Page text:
Many definitions of “leadership” exist; but the ones that always resonate for me involve an element of bringing people along, helping them grow and progress, and facilitating their development as people and their careers. And I have the feeling that similar definitions are deeply held by many leaders – especially given the frequency of one question I’m asked over and over:
What should I do with my ‘I’m good where I am’ employee who lacks ambition, doesn’t seem to want to grow, and is completely disinterested in moving up, over, or anywhere?
My answer to these leaders – who can’t help but feel that they’re shirking their responsibility if they aren’t motivating people to aspire to more – often is, “celebrate them… then get right to work challenging your own career development mindset.”
It’s easy to impose our values, priorities, and aspirations on others. But the truth is that we each have a unique definition of what success looks like and how to achieve it. Appreciating and acting upon these differences is key to unlocking potential, motivation, and growth – even with those who appear outwardly disinterested in career development. And doing this involves going deep and wide – deep into understanding the individual and wide in terms of expanding your definition of career development.
Understand the Individual
Let’s face it, employees may be satisfied where they are for any number of reasons. Perhaps they’re deeply self-aware. They know what they’re good at, what they’re interested in, and what they love. Maybe they’ve found a comfortable niche within which they experience a sense of purpose and meaning. They might have figured out how to make work fit within their broader lives and other priorities. Or maybe they’ve gotten a glimpse into the headaches that you and other leaders experience on a regular basis and have consciously decided to take a pass. Disinterest in moving up doesn’t mean someone is unambitious; it simply means the leader needs to become more interested in understanding what’s important to the person and where their ambitions lie.
Expand the Definition of Career Development
When leaders engage with employees in candid conversations aimed at deepening their understanding of the individual, they frequently discover that the problem isn’t that these people lack ambition. Instead, it’s that we all have lacked the language. The concrete ways to talk about career development. The ways that aren’t inextricably connected with promotions, positions, and moves that don’t interest all employees.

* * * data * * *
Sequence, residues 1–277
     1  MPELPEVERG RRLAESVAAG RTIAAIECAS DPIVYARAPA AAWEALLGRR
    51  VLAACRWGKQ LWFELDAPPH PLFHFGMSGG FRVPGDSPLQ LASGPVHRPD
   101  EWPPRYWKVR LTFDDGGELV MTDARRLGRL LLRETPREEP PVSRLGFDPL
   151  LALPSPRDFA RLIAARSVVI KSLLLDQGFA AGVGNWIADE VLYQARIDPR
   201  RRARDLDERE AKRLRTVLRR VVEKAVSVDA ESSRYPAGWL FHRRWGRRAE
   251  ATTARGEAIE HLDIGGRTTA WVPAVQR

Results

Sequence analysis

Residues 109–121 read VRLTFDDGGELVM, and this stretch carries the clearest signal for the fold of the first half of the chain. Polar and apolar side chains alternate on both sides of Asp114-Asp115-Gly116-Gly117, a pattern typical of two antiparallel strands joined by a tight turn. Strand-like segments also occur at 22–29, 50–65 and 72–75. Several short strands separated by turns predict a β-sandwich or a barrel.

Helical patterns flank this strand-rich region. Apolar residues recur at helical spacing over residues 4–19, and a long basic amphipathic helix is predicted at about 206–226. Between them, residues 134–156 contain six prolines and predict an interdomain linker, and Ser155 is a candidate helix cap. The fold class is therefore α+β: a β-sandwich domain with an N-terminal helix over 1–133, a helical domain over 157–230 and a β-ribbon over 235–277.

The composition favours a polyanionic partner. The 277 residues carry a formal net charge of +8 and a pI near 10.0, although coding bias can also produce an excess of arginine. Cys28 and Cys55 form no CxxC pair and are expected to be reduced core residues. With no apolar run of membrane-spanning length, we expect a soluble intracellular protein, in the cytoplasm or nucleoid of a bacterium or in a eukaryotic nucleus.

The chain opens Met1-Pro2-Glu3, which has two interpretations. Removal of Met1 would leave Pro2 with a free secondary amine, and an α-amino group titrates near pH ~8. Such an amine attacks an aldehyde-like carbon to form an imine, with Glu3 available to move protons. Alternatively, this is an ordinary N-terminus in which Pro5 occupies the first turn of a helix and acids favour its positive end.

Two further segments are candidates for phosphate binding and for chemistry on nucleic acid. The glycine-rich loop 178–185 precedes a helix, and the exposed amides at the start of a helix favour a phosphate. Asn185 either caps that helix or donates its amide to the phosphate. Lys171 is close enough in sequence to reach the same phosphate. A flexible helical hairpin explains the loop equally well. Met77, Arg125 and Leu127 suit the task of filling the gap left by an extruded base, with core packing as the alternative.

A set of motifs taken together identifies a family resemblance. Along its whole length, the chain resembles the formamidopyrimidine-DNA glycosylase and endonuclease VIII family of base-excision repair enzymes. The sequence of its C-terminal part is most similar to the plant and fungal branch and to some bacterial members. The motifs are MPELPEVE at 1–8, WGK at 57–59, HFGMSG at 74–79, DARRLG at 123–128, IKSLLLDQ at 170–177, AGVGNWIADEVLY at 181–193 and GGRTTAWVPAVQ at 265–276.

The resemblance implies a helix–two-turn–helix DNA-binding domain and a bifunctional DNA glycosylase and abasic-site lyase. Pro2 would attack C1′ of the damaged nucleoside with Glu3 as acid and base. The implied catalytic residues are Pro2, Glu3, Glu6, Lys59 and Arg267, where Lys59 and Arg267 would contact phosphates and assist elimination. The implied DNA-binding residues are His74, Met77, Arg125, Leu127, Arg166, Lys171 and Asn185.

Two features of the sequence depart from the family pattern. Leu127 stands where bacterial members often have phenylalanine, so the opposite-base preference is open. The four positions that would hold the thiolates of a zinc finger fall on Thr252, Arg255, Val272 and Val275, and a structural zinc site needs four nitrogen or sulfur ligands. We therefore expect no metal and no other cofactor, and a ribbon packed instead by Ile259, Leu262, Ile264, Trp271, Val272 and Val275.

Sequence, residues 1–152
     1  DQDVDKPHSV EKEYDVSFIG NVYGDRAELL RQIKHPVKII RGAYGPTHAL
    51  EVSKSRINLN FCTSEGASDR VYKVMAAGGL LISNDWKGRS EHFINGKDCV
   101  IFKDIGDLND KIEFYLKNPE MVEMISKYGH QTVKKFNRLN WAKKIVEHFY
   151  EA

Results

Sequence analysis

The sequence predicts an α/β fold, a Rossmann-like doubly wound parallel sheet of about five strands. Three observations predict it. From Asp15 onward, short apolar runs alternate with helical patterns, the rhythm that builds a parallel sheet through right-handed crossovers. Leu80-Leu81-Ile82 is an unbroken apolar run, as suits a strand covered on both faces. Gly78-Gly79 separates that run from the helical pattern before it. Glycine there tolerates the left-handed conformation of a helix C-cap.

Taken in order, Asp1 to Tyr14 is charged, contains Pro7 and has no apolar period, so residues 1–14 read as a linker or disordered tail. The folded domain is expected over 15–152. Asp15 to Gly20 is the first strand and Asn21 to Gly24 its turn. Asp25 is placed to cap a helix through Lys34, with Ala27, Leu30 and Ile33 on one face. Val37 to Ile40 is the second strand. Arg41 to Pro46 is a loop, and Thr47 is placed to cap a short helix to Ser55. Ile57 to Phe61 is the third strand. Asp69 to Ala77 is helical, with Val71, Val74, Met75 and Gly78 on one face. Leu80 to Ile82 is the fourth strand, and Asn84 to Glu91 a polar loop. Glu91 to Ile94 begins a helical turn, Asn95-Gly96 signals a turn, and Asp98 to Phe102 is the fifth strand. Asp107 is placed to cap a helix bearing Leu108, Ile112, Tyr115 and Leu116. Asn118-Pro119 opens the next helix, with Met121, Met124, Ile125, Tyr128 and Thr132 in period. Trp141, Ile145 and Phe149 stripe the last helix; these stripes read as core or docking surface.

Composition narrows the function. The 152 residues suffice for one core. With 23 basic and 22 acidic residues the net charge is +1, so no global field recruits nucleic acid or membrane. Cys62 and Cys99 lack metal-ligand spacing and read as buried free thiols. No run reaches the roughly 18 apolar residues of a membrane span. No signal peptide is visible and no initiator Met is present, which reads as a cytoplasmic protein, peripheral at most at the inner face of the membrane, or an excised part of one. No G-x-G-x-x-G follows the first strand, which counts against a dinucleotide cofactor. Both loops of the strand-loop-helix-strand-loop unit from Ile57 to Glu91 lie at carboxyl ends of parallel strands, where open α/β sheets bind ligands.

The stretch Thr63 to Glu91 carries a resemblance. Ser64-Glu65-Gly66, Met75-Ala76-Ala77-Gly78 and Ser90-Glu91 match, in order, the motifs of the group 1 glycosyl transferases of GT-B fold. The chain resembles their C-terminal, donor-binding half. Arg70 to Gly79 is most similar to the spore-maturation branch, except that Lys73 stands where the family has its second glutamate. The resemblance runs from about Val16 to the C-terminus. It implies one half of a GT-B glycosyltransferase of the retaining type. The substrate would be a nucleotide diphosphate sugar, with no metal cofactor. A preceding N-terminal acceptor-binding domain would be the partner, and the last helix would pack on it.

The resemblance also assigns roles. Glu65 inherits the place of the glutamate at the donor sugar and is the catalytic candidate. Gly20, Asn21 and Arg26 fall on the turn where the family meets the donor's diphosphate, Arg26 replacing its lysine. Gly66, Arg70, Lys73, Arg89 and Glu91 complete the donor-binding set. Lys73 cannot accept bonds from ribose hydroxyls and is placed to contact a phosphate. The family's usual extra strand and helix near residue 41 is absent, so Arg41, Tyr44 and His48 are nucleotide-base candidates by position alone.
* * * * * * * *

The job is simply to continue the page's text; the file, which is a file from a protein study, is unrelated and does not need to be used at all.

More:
Careers and development are far bigger than the traditional trajectory up the org chart. Many employees recognize that careers operate between and beyond the artificial markers of new positions. One’s current role can become a rich sandbox for continuous growth, as a result of reframing the conversation and introducing seven other dimensions that are deeply meaningful to people who may not want to go anywhere but would welcome the opportunity for growth in place.
Research I conducted for my new book, Promotions Are So Yesterday, suggests that there are seven other development dimensions that offer more interesting ways for employees to grow than the classic climb up the corporate ladder.
- Contribution: Making a difference, being of service, or aligning with purpose
- Competence: Building critical capabilities, skills, abilities, and expertise
- Connection: Cultivating relationships, deepening networks, elevating visibility
- Confidence: Enhancing confidence, certainty, and trust in one’s talents and abilities
- Challenge: Stretching beyond what’s known and comfortable
- Contentment: Finding satisfaction, ease, balance, and joy in one’s work
- Choice: Exercising control, autonomy, flexibility, and decision-making authority
These seven dimensions offer leaders who are committed to ensuring that everyone grows the tools they need to facilitate meaningful development. Even with those who have little interest in promotions. For instance, a new role is not required to introduce interesting and meaningful challenges into someone’s work life. People don’t need a different title to expand their network and learn from and through different people. A position change isn’t a pre-requisite for changing up one’s work to offer greater value or contribution. Because employees don’t have to go anywhere to experience the powerful learning that comes along with making greater or more complex decisions.
And the good news is that these seven dimensions – unlike promotions – are completely within your control. You and the employee can agree upon countless ways to tap their interests, motivations, and ambitions with development opportunities that are available right within their current role.
So, if you’re a leader who measures your success by the growth of others, these seven dimensions will help you promote career development without promotions. Unlocking new possibilities may turn some ‘I’m good where I am’ responses into ‘I’m ready to get even better where I am!’
This post originally appeared on LeadershipNow.